By Miriam Raftery
November 29, 2017 (Spring Valley) -- Tragedy has struck a Spring Valley family after George and Gladys Novinger were swept over the towering Rainbow Falls in Hilo, Hawaii over the weekend. Gladys was found unconscious and taken to a hospital, where she died. Her husband is presumed dead, though his body has not yet been recovered and may have been washed out to sea, according to Hawaii authorities.
Witnesses said the couple as swimming in a pond along the Wailuka River above the falls when both went underwater and failed to surface, 100 yards or so above the falls.
The couple, along with Gladys’ son, Joseph Harmes III, owned Vineyard Hacienda, a winery, inn, and wedding venue. George Novinger also served on the Jamul-Dulzura Community Planning Group, where his presumed death leaves a vacancy to be filled.
He was also a retired diplomat in the U.S State Department’s Foreign Service. He had served in Japan, South Korea, Hong Kong, Brunei, Paraguay and Syria, as well as serving as regional director of foreign missions and liaison to embassies and consuls in the southwestern states in the U.S., the San Diego Union-Tribune reports. He also was active on the San Diego World Affairs Council and the city of San Diego’s International Affairs Board, representing the city to greet mayors and official delegations visiting San Diego.
Gladys Novinger, a native of Peru, had devoted efforts to raise funds to create a House of Peru cottage in Balboa Park, where her husband was also a volunteer. Donations to www.HouseofPeru.org are being accepted in the couple’s memory.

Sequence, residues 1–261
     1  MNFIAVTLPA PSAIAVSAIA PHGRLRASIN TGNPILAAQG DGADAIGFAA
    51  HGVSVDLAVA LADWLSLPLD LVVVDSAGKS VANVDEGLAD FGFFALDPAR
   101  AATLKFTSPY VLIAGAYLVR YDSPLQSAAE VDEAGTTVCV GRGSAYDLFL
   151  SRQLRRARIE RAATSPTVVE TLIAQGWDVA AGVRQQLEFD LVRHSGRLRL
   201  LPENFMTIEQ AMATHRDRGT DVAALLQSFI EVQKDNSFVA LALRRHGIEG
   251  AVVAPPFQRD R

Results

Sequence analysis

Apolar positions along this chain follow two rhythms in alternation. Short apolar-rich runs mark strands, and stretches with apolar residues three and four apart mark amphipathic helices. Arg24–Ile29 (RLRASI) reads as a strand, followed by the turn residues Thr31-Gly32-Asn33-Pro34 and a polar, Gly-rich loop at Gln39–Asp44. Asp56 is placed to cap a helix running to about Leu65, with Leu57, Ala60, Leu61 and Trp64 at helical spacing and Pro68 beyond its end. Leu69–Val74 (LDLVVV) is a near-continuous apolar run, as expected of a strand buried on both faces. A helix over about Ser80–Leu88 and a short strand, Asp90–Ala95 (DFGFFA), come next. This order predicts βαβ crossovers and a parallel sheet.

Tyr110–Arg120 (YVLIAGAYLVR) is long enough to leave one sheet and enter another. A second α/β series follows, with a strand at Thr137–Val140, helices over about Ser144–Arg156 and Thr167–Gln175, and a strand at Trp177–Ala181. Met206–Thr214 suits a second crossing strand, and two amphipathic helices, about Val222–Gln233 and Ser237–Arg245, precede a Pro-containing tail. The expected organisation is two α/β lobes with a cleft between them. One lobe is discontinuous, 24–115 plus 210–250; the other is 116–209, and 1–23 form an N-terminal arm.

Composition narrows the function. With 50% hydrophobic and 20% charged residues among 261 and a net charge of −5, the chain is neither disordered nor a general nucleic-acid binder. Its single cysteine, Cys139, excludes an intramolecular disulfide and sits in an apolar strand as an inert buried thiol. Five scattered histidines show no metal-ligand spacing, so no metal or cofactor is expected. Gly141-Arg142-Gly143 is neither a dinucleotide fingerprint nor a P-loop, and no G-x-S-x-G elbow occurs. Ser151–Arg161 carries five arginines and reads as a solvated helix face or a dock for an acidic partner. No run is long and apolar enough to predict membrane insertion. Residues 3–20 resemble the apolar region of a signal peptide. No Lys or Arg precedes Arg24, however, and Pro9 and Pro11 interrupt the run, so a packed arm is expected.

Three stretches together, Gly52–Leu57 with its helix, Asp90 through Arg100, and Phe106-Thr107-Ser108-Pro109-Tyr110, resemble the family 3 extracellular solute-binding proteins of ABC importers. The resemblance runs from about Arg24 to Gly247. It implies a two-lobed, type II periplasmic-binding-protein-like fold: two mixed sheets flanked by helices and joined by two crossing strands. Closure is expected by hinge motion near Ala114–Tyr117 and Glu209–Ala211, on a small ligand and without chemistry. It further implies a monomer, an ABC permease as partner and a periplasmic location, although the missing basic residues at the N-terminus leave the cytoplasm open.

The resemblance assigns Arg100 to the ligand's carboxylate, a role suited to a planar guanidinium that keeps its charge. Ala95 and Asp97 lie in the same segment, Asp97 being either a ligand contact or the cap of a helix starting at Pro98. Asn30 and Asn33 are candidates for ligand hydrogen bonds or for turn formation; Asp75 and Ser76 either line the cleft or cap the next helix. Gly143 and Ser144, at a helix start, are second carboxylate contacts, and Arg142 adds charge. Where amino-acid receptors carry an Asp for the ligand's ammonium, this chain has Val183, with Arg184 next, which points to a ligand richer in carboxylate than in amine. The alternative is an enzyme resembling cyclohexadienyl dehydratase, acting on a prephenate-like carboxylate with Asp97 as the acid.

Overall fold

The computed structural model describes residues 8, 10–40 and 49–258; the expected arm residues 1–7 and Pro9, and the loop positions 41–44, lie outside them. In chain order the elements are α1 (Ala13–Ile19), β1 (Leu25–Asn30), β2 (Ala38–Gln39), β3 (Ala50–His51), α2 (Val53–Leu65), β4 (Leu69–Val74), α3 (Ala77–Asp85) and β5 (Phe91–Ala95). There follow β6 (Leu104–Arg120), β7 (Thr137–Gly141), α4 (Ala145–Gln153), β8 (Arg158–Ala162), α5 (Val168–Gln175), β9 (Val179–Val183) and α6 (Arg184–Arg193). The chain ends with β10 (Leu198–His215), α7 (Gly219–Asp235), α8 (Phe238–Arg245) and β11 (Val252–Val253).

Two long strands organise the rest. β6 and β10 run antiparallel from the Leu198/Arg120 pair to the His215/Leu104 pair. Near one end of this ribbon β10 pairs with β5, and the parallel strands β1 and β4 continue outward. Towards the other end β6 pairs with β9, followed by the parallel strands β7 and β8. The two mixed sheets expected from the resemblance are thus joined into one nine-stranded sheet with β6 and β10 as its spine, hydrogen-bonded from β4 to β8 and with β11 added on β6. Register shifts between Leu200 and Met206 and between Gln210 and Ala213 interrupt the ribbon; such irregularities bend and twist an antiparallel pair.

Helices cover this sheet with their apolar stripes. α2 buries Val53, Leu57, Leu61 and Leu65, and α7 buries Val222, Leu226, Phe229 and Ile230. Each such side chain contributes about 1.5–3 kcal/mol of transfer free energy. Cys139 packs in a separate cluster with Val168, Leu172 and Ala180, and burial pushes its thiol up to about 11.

Greg Maness, owner of Casi Cielo Winery at Maness Vineyards Design along with his wife, P.J., sent this statement to ECM after learning of the tragedy.
“My family had the fortunate pleasure of knowing and being close neighbors to Gladys and George Novinger Family for over a decade now. We worked closely together as wine families do, pushing forward the Wineries on Highway 94 movement and together we had great success, planting their hillside vineyards and making wine together. We often shared many great lunches and dinners together talking about the joys of life, family and raising funds for their beloved House of Peru still being built in Balboa Park.
They were both the best people in the world you would ever want to know, and together they were a dynamo power couple accomplishing great visionary dreams. We laughed together a lot, and were there for each other in times of uncertainty. There is a hole in the bottom of all of our hearts that will always ache when I remember Gladys and George and their Family. But I do know this, every moment of their lives was filled with accomplishing wonderful things. They were happy, living life to its fullest with open hearts and open minds. They will be greatly missed.”